Advanced Directives are in the news.
Figures are thrown about and studies are rare, but it’s not life-preserving technology that explains the ‘end of life’ share of billings, although dying in an ICU might.
What else is going on? Seventy percent of Medicare’s budget is spent on 10 percent of its patients. Why is dying in Miami four times more costly than Minnesota?
A doctor met with a 90 year old, a “100 pound guy who glowed yellow. He looked skeletal. His skin was paper thin, like cellophane wrapped around a chicken breast”. The doctor recommended hospice for the old man and went home.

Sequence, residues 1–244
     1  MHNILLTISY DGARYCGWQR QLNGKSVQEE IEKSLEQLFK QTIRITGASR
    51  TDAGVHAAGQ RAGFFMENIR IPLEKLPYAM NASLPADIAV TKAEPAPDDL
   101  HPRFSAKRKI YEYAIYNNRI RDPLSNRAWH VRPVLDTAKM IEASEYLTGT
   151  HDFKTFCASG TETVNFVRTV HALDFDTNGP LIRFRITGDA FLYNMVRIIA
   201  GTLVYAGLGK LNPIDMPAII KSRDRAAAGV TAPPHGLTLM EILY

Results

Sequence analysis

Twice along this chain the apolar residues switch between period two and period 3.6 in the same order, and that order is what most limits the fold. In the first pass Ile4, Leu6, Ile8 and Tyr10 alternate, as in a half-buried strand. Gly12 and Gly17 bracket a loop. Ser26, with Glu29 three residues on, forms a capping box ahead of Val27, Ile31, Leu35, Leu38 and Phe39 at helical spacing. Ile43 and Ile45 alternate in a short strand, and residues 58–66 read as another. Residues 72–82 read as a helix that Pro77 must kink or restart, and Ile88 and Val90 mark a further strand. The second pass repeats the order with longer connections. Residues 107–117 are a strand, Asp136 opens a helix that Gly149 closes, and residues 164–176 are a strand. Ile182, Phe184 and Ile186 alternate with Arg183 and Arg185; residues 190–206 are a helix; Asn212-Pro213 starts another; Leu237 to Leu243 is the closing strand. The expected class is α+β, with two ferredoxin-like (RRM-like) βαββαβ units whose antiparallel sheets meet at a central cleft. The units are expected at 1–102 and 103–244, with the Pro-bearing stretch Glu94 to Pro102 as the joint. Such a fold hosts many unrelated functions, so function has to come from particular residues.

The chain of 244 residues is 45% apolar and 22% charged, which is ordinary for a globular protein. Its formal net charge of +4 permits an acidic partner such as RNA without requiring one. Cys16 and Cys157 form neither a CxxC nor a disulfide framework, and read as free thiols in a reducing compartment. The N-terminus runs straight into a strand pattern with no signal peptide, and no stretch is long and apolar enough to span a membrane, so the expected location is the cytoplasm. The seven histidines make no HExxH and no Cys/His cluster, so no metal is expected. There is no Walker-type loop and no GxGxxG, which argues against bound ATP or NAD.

When he returned the next shift:
I stared at the chart for a while. I was a little tired and foggy brained. But I couldn’t believe it. The poor guy was zonked out in his bed, exhausted from all the tests and procedures that had been administered that day.
In the interval, an astounding amount of medicine had been practiced. Consults had gone out to GI, oncology, and nephrology (creatinine 1.9). The GI guy had ordered an MRCP and, based on some mild distal narrowing of the common bile duct, had scheduled the patient for a possible ERCP in the morning. A stat CT guided biopsy of the liver lesions had also been done. The oncologist had written a long note about palliative chemotherapy options and indicated he would contact the son about starting as soon as possible. The nephrologist had sent off a barrage of blood and urinary tests.
That’s fee-for-service in a nutshell.